How to Find $700 in Your Inbox
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Have a friend who experienced a flight disruption in last 3 years? Help them get up to €600 in compensation and earn €10 in the process!
Does running a quick search of your emails and discovering money that you had no idea was there sound too good to be true? It doesn’t if you know about your air passenger rights!
85% of travelers aren’t aware that they even have rights*, so it can be hard to know where to start. That’s where AirHelp comes in. As the world’s largest air passenger rights specialist, we’re here to help you claim the compensation you’re owed.
There’s a European regulation, titled EC 261, that entitles you to financial compensation when you experience a flight cancellation or delay. So that time spent stuck at the airport could mean you’re owed up to $700 in compensation. And you can claim for past flight disruptions from the last 3 years.
But what if you’re not aware which of your flights qualify? We’ve prepared some easy-to-follow tips on how best to scan your inbox and make sure that you aren’t missing out on compensation.
Which flights should I look for?
Think back. Have you had a flight that was:
- Canceled less than 14 days before departure
- Delayed for 3 hours or more
And was it on a route departing from the EU? Or flying to the EU with an EU airline? Those are the flights most likely to earn you compensation.
Now you need to find the flight details – and if you booked online you’ll have a record called a booking confirmation somewhere in your inbox.
To get started, open your preferred email account and click on the search box. Then simply type in words that are likely to be on an email about that flight. It’s a good idea to start with the destination airport, departure airport and/or airline.
Or, try these disruption terms
Can’t think of any flights that might qualify? Well if you were on a disrupted flight you were likely notified about it via email.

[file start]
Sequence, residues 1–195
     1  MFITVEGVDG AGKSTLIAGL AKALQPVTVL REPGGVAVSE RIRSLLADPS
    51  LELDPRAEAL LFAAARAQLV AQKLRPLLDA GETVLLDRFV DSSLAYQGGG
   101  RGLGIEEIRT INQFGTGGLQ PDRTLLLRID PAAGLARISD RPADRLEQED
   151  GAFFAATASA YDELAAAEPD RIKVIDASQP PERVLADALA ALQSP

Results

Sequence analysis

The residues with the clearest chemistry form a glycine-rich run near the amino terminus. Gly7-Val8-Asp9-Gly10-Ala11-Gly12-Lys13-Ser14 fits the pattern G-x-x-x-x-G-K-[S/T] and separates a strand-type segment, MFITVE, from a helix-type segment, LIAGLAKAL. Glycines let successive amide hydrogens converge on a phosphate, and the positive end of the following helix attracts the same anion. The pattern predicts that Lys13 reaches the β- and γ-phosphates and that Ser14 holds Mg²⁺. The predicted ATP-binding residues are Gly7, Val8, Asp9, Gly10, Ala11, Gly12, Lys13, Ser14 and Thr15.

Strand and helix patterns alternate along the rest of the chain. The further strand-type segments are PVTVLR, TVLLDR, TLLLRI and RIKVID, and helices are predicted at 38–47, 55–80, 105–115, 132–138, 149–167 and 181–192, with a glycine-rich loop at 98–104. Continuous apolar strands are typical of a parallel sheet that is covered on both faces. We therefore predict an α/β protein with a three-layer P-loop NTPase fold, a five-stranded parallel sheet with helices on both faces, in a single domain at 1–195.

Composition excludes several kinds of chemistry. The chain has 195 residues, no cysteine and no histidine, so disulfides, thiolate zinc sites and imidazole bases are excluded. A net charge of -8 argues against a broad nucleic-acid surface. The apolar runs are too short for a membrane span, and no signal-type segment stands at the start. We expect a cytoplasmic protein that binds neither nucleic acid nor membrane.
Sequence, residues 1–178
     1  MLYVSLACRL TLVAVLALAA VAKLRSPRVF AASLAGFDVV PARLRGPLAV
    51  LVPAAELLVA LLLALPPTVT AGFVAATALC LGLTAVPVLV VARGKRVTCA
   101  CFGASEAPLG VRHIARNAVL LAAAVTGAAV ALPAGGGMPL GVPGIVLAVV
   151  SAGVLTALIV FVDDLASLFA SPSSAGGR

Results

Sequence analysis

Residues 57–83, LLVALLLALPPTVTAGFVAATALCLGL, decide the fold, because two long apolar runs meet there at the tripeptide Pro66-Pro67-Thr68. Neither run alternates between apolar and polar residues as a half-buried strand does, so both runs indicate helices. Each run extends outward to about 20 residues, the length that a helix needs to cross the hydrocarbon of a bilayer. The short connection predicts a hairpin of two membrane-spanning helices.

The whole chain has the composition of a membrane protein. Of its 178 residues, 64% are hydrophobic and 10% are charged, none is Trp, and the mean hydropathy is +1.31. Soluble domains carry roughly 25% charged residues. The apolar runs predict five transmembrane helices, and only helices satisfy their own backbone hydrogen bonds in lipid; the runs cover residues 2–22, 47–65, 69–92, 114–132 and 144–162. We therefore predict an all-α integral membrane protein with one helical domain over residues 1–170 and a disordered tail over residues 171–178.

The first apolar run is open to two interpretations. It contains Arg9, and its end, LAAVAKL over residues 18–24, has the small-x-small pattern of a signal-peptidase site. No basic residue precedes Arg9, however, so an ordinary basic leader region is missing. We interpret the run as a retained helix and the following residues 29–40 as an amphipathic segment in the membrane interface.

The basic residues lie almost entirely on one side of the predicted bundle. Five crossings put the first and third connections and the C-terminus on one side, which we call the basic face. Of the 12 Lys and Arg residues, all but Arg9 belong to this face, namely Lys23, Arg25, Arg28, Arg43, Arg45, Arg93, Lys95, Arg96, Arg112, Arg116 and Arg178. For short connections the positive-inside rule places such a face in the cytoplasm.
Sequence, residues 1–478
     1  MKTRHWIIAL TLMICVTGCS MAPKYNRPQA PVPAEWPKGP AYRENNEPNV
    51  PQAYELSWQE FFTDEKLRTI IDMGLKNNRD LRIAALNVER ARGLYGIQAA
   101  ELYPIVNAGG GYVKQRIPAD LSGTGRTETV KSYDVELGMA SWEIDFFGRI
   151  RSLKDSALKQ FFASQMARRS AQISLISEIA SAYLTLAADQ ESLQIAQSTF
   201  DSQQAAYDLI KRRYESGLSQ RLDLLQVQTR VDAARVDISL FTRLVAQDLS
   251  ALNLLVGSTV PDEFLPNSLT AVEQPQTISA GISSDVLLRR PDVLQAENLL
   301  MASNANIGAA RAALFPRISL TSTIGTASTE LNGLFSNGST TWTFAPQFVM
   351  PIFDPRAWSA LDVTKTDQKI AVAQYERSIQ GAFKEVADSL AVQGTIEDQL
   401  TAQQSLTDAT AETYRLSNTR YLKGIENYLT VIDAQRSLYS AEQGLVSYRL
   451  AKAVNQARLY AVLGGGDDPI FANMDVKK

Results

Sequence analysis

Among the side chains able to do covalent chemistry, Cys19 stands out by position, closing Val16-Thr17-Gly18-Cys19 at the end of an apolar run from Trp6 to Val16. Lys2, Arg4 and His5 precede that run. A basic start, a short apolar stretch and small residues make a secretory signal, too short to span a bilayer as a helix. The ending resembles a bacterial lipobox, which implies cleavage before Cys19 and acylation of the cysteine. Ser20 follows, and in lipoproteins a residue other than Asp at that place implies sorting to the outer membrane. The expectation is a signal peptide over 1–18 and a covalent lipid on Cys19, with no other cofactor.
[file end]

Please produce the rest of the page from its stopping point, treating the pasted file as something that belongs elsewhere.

Try searching for any of the following phrases in your inbox to uncover potentially eligible flights:
|Booking reference||Delayed departure||Departure delay|
|Flight has been delayed||Flight status||Status delayed|
|Delayed overnight||New departure time||Revised departure time|
|Changes to your booking||Flight time has been rescheduled||New flight schedule|
|Canceled flight||Flight is canceled||Flight has been canceled|
|Flight cancellation||Rebooked to an alternative flight|
Once your search results come up you’re one step closer to potential compensation.
How do I turn this email into $700?
When you find a flight that was disrupted, the email will hold another important piece of information: your booking reference number.
Enter this number, along with your flight and personal details, into AirHelp’s eligibility check. We’ll tell you if your disruption is eligible for compensation in just a few minutes.
We can also help you file your claim against the airline, we’ve helped over 13 million air passengers, so we’re experts at negotiating with the airlines.
If you booked more than one flight under the same reference number you can check for all affected travelers at the same time. Every individual passenger with a confirmed reservation is eligible to receive the full amount of compensation of up to $700 each.
Unable to find any emails but believe you had an interruption to your flight plans within the last 3 years? It’s also worth taking a look through any text notifications you may have received from the airline about a canceled or delayed flight. Once you’ve found an alert, you can head back to your email, search for the exact flight details, and then check on AirHelp to see if it’s eligible.
Don’t miss out on the opportunity to turn your time spent waiting for your flight into money! AirHelp makes it easy to file your claim.
Flight delays happen, but that doesn’t mean you have to accept them. You may be entitled to a much as $700 in compensation if your flight was delayed, canceled, or overbooked within the last three years.
*All data is provided by SurveyMonkey. 2,279 respondents participated in the survey, which took place in 2018. The results were weighed and are representative of air travelers from the United States (age 18+).
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